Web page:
by Chris Griffith
Published 18 February 1996 in The Sunday Mail
Tuesday's historic meeting of parliament will also see Labor attack the credibility of Gladstone independent MP Liz Cunningham in its bid to foster a split between her and the coalition.
But Griffith University constitutional expert Professor Charles Sampford and University of Southern Queensland political commentator Rae Wear yesterday said any blatantly opportunistic tactics could backfire against Labor which remained one seat away from the treasury benches.
With both sides holding 44 seats, and Mrs Cunningham the balance of power, the ALP has many options which, in the long term, could lead to the defeat of the coalition- Cunningham alliance in parliament.
First Labor, like the coalition before it, could deny the new government a "pairing" agreement. Usually if one coalition member was absent from parliament, one Labor member would not vote so that the parliamentary numbers would remain balanced.
Without a pairing agreement, the coalition would face loosing a no-confidence motion on the floor of parliament if any government member was sick, overseas, late for parliament, or simply out of the building when a division was called.
Prof Sampford said if the coalition even temporarily lost the confidence of the House in the upcoming parliamentary sessions, convention dictated that Mr Borbidge would resign or advise Governor Leneen Forde to agree to an election. But Mrs Forde could reject this advice and tell Mr Borbidge to reconvene parliament and move a confidence motion where the coalition's loss of a number was only temporary.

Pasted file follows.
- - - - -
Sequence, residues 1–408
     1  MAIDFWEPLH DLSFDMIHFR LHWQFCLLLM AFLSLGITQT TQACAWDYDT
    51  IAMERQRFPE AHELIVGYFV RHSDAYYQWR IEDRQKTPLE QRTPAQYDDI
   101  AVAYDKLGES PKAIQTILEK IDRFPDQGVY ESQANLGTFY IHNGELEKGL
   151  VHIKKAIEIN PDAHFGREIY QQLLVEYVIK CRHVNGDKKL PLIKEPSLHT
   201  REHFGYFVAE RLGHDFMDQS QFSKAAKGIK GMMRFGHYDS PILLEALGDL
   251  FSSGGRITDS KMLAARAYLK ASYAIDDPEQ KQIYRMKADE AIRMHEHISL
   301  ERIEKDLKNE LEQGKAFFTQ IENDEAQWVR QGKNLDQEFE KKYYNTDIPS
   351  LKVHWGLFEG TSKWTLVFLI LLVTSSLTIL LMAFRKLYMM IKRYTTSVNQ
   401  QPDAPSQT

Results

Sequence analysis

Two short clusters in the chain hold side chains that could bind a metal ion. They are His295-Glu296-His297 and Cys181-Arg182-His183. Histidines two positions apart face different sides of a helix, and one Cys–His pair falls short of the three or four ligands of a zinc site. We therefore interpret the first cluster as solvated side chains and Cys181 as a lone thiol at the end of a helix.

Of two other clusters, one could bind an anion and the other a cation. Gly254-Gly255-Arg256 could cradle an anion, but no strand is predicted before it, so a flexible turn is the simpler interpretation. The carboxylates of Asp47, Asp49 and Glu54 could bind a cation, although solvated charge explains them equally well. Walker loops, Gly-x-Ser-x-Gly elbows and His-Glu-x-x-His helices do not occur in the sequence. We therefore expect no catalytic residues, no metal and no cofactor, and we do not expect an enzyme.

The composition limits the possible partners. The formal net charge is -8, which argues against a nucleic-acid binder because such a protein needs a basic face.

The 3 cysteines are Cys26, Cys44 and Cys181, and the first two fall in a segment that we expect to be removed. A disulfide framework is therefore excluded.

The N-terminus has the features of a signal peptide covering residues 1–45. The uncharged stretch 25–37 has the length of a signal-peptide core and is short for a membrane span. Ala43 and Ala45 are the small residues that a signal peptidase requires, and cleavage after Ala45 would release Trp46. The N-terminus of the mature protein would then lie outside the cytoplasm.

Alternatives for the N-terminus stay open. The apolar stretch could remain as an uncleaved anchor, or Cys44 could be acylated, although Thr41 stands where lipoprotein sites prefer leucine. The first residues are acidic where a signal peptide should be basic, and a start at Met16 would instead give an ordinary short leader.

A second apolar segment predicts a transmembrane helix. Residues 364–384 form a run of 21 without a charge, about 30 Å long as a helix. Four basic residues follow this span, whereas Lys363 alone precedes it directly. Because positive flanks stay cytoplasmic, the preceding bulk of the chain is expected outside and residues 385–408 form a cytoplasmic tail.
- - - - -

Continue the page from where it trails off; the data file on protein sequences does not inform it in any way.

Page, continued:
He said it would be risky for Labor to move a no confidence motion it expected to win unless the polls showed Labor could also win an election -- otherwise Mr Borbidge might be only too happy to call an election.
He said if a coalition member was absent from parliament, Labor could use its temporary parliamentary majority to throw out government legislation, but the coalition could reverse this once its numbers were restored. However the episode would still embarrass the coalition.
Labor may also entice Mrs Cunningham to break ranks with the coalition by introducing some very tempting private members' bills that directly targeted the needs of Gladstone voters.
Labor sponsored Bills that vastly increased police numbers, or fast-tracked the building of a clinic or the disputed Tannum Sands schools south of Gladstone may be too tempting for Mrs Cunningham not to vote for.
And Labor sponsored private members' Bills passed with Mrs Cunningham's support would again embarrass the coalition and disrupt government, as the public service would have to implement opposition legislation. This could undermine the government's budget and its approach to handling the same problems.
Ms Wear said Mrs Cunningham may decide not to support Labor-initiated private members' Bills that blew the coalition's budget, however tempting they were.
She said Labor's best strategy was for its front bench to use its knowledge of government processes to pressure the coalition ministry.
"To begin with, the Labor frontbench will still have the advantage of familiarity with the bureaucracy and with the whole range of policy areas," she said.
"I think they will be able to put an enormous amount of pressure on new ministers and possibly make them seem very gauche and inept."
Prof Sampford said a fascinating situation would arise if a coalition MP became unavailable to attend parliament for several months, for example because of an extended illness.
He said Mr Borbidge might convince Mrs Forde to shut down parliament to avoid the government being defeated on the floor.
In 1983 then premier Sir Joh Bjelke-Petersen had succeeded in convincing governor Sir Walter Campbell to close parliament for months to avoid defeat after the National- Liberal party coalition dissolved, he said.